Home Original Baseball: How Extending Safety Nets at Parks Protects Fans from Injury

Baseball: How Extending Safety Nets at Parks Protects Fans from Injury

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By James Reese
Program Director, Sports Management, American Public University

Washington Nationals star pitcher Stephen Strasburg was recently sent down to the minors for a rehabilitation assignment. That idea was to prepare Strasburg to return to the Nats’ mound after a bout with right shoulder inflammation. As luck would have it, Strasburg wound up pitching for the Class A Potomac Nationals because the Nationals’ higher minor league affiliates were not in action on the night that my family and I had the good fortune to be in attendance.

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We were among the more than 4,400 fans who showed up at Calvin Falwell Field for the standing-room-only game. We sat in $10.00 general admission seats about seven rows behind the Potomac Nats’ dugout. To say the experience was a family-friendly bargain would be an understatement.

Strasburg was effective, throwing 57 pitches over 3 and 1/3 innings. He allowed two hits and hit 96 mph on the stadium radar gun several times.

The electric atmosphere at the stadium due to Strasburg’s presence was not what I believe was the most important aspect of the evening. What I noticed was how easily fans could have been injured without the presence of protective netting.

2014 Study Shows Balls or Bats Flying into Stands Injure over 1,700 Fans Each Year

A Bloomberg study conducted in 2014 estimated that 1,750 fans are injured at Major League Baseball stadiums each year. However, the study also revealed that the majority of those injuries were minor, such as bruises and bloodied lips.

Unfortunately, a serious injury does happen from time to time, not only from foul baseballs hit into the stands. Occasionally, a bat or a broken part of a bat will fly out of the hitter’s hands and strike a fan in the seats.

Baseball Executives Recommended Extending Protective Safety Nets

At the end of 2015, Major League Baseball (MLB) Commissioner Rob Manfred and Minor League Baseball (MilB) President Pat O’Conner issued recommendations that all teams consider extending the safety netting behind the home plate backstop area to at least the far end of the team dugouts along the first and third baselines. Previously, the netting extended from behind home plate only to the near edges of the two dugouts. In response to the recommendations, the Lynchburg Hillcats extended their netting to the far ends of both dugouts at the start of the 2017 season, one year after the Washington Nationals extended their netting at Nationals Park.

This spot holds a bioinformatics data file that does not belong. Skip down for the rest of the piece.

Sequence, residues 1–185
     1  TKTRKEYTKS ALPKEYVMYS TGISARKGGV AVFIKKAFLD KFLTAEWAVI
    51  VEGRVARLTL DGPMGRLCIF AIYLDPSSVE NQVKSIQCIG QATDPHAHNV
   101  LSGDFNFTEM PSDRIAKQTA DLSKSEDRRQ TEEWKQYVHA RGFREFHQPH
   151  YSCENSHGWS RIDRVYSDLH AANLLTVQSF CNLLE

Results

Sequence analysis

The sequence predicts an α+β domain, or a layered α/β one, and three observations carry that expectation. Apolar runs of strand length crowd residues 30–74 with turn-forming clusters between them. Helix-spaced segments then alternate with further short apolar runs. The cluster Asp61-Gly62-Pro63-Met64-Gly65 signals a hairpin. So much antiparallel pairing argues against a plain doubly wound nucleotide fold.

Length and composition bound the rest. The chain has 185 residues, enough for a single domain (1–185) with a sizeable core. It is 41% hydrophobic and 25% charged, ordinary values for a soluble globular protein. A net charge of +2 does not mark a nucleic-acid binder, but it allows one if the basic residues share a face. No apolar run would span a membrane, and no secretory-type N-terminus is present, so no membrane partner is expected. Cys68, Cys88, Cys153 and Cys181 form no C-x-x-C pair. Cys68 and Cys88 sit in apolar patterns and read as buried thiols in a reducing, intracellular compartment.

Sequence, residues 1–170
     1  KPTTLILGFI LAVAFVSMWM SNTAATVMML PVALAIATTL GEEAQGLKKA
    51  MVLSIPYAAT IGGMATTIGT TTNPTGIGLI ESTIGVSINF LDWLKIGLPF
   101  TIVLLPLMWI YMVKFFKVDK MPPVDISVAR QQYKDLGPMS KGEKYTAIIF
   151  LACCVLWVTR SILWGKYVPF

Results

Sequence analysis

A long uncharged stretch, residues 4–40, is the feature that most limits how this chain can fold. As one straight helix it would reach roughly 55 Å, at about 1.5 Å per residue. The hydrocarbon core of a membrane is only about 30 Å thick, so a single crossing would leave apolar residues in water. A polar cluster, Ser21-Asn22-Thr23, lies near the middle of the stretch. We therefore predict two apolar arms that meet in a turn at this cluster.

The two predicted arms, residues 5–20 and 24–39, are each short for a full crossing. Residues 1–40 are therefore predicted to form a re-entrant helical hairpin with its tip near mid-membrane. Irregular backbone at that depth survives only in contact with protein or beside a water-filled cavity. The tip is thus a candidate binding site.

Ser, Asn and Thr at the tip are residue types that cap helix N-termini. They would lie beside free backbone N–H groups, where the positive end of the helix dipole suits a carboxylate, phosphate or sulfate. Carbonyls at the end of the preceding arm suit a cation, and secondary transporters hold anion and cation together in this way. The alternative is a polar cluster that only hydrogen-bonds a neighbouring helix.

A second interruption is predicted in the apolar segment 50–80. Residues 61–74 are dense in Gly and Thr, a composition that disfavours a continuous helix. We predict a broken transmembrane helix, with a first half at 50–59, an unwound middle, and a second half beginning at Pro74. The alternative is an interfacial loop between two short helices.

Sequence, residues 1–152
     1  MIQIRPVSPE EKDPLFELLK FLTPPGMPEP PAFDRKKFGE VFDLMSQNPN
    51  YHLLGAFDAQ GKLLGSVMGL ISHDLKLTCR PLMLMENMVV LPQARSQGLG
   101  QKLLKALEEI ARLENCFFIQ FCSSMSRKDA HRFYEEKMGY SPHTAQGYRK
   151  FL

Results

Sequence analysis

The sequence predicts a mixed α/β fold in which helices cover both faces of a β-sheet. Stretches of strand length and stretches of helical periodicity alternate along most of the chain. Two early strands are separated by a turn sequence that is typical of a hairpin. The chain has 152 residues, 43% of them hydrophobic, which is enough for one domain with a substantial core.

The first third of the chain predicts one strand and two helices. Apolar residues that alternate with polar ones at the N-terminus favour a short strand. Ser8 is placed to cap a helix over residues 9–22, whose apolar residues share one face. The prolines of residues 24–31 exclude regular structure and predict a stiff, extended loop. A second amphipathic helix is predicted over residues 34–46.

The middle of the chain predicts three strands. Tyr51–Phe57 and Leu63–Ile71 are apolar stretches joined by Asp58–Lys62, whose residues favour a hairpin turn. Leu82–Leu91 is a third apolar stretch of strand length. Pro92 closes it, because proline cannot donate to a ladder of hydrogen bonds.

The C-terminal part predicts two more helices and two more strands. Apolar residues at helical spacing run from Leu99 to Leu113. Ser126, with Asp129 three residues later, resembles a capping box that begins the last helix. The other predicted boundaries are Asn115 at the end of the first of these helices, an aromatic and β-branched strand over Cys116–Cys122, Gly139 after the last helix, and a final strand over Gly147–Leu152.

I’ve been to numerous major and minor league games since those recommendations were issued, but I never sat in a location protected by the extended netting until that Tuesday when Strasburg was on the mound. I saw at least three line drives hit the extended netting; these were balls that previously would have landed in the seats and potentially injure someone.

Around the stadium, I saw fans looking down at their smartphones, totally oblivious to the action on the field and the danger of balls or bats flying into the stands. That’s when the necessity of the extended netting really sank in for me.

Although we were sitting behind the protective netting, I was momentarily distracted on several occasions when I heard the crack of the bat. Had I been sitting beyond the netting, I knew there would not have been enough time for me to refocus on a fast-moving ball or twirling bat coming at me.

When I emailed MiLB President O’Conner about my experience, he quickly responded. “The safety and security of our fans is a top priority,” O’Conner said. “Allowing fans to enjoy minor league baseball in a safe environment only enhances the enjoyment for the entire family.”

I couldn’t agree more. When the game ended, it dawned on me that the netting in front of me did not diminish my view of the game or devalue our fan experience in any way. I suspect that might have been one of the concerns professional baseball administrators had when they discussed extending the safety netting.

I’m not ashamed to admit that I rarely have seats good enough at Major League parks to worry about line drives or flying bats. However, that’s a different story at the smaller minor league parks where the seats are up close and personal. After our recent experience, our family feels much safer now at Calvin Falwell Field and we plan to attend more games there.

About the Author

Dr. Jim Reese is the director of the undergraduate and graduate Sports Management programs at American Public University (APU). Before beginning his academic career, Dr. Reese served as a ticketing administrator for the Denver Broncos, where he was involved in the ticket planning and execution for Super Bowls XXXII and XXXIII. He works as an industry consultant in ticket operations and ticket sales. Dr. Reese also volunteers as an interscholastic athletic assistant and serves on the board of directors for his local youth baseball league.